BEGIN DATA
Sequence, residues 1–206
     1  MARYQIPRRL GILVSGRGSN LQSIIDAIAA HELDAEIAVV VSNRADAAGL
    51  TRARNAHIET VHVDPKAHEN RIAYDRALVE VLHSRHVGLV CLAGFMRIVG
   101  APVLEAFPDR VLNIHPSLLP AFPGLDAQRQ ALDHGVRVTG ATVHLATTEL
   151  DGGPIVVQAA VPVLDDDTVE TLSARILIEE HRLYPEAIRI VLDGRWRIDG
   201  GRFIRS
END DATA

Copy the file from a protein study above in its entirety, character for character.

Sequence, residues 1–206
     1  MARYQIPRRL GILVSGRGSN LQSIIDAIAA HELDAEIAVV VSNRADAAGL
    51  TRARNAHIET VHVDPKAHEN RIAYDRALVE VLHSRHVGLV CLAGFMRIVG
   101  APVLEAFPDR VLNIHPSLLP AFPGLDAQRQ ALDHGVRVTG ATVHLATTEL
   151  DGGPIVVQAA VPVLDDDTVE TLSARILIEE HRLYPEAIRI VLDGRWRIDG
   201  GRFIRS